The use of hard drugs, meanwhile, has remained roughly stable over the last two decades, rising by a few percentage points in the 1990s and declining by a few percentage points over the last decade, with consumption patterns moving from one drug to another according to fashion and ease of purchase.
For instance, 2.9 percent of high school seniors admit to having tried cocaine in the last year, just slightly less than in 1992. About 15 percent of seniors said they abused a prescription drug last year. Twenty years ago, prescription drug abuse was not even consistently measured.
The only dimension along which the war on drugs might be conceived as a success is political. If you ask Americans how concerned they are about drugs, they will give you roughly the same answer they have given for years: not so much.
In a Gallup poll, only 31 percent of Americans said they thought the government was making much progress dealing with illegal drugs, the lowest share since 1997. But fewer people say they worry about drug abuse than 10 years ago. Only 29 percent of Americans think it is an extremely or very serious problem where they live, the lowest share in the last decade.
But the government has spent $20 billion to $25 billion a year on counternarcotics efforts over the last decade. That is a pretty high price tag for political cover, to stop drugs from becoming a prominent issue on voters’ radar screen. It becomes unacceptably high if you add in the real costs of the drug wars. That includes more than 55,000 Mexicans and tens of thousands of Central Americans killed by drug-fueled violence since Mexico’s departing president, Felipe Calderón, declared war six years ago against the traffickers ferrying drugs across the border.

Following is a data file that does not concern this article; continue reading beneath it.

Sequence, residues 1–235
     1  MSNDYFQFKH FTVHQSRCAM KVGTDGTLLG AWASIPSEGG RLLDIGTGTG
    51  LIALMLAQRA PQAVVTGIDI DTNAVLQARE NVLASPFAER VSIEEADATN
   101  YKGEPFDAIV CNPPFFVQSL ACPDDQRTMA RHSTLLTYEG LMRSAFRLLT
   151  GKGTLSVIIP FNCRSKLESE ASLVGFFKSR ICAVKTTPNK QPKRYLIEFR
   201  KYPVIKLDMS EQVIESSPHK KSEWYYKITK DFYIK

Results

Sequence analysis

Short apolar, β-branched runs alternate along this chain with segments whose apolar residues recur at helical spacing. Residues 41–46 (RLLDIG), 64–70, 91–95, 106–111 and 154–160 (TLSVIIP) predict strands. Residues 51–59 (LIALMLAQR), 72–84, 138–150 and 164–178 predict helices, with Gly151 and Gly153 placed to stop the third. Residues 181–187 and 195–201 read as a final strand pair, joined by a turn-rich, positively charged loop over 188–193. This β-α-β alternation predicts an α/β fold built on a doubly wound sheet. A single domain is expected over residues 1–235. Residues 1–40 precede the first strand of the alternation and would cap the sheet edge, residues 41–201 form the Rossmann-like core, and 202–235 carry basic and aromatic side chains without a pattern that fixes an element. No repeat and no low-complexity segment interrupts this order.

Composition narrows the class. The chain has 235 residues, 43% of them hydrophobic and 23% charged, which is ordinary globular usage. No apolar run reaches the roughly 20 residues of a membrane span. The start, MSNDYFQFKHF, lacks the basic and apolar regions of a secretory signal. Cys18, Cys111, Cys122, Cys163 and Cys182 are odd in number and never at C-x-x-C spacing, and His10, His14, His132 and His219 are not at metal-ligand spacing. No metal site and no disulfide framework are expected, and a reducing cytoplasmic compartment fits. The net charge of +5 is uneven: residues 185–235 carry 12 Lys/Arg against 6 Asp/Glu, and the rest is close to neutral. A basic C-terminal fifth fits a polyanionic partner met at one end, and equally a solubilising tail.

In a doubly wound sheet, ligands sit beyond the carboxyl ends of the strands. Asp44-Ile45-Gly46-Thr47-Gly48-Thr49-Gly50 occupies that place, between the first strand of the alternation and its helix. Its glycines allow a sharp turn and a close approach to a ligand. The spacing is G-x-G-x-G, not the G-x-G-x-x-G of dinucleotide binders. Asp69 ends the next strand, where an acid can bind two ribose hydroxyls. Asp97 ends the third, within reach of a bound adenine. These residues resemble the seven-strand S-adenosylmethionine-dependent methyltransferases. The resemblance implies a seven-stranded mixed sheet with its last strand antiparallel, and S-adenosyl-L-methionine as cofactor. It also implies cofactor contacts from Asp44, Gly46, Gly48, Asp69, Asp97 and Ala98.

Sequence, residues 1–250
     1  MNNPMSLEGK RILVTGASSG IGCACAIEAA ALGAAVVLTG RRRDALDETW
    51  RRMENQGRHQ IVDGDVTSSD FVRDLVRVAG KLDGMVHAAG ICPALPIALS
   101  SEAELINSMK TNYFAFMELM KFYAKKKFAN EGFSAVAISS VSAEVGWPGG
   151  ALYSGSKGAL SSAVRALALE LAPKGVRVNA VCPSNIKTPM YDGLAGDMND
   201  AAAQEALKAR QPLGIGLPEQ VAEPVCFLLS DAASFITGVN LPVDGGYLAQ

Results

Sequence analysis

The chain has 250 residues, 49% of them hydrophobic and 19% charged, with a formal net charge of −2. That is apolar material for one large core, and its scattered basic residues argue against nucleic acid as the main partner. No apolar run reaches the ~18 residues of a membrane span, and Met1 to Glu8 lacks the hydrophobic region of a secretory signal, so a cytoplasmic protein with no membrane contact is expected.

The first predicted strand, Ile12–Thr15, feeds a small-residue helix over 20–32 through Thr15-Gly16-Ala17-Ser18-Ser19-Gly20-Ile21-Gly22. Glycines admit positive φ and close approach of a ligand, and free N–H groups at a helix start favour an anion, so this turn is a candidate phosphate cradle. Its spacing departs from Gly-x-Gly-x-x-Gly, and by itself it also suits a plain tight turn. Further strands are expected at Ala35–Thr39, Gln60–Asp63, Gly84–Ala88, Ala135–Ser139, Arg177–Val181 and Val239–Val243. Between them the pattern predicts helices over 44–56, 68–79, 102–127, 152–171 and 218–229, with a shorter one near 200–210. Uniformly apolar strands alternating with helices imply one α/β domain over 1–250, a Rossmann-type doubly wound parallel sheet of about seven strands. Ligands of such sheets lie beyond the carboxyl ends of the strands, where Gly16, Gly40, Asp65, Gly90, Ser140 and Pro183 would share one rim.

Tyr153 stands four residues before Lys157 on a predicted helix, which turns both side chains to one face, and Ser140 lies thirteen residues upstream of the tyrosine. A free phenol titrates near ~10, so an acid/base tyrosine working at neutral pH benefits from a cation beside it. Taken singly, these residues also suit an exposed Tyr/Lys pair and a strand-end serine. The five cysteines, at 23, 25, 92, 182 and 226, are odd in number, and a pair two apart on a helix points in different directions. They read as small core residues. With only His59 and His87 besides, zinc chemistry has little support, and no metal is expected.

And the domestic costs are enormous, too. Almost one in five inmates in state prisons and half of those in federal prisons are serving time for drug offenses. In 2010, 1.64 million people were arrested for drug violations. Four out of five arrests were for possession. Nearly half were for possession of often-tiny amounts of marijuana.
Harry Levine, a sociologist at Queens College of the City University of New York, told me that processing each of the roughly 85,000 arrests for drug misdemeanors in New York City last year cost the city $1,500 to $2,000. And that is just the cost to the budget. Hundreds of thousands of Americans, mostly black and poor, are unable to get a job, a credit card or even an apartment to rent because of the lasting stigma of a criminal record for carrying an ounce of marijuana.
Cracking down hard on drug users may sound great on the stump. But Americans who inject drugs are four times as likely to have H.I.V. as British addicts and seven times as likely as drug-injecting Swiss, mainly because the United States has been much slower in introducing needle exchanges and other measures to address the impact of drug abuse on public health.
The Obama administration acknowledges the limitations of the drug wars, and has shifted its priorities, focusing more on drug abuse prevention and treatment of addicts, and less on enforcement.